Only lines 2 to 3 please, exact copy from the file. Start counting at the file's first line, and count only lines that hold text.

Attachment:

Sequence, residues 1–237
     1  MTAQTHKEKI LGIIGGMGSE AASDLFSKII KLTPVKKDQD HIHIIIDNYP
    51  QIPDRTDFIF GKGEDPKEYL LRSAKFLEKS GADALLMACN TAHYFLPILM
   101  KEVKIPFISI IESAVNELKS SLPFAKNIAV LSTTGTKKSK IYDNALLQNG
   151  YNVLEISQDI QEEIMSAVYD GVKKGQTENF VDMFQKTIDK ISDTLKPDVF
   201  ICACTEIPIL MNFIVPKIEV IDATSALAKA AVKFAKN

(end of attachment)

     1  MTAQTHKEKI LGIIGGMGSE AASDLFSKII KLTPVKKDQD HIHIIIDNYP
    51  QIPDRTDFIF GKGEDPKEYL LRSAKFLEKS GADALLMACN TAHYFLPILM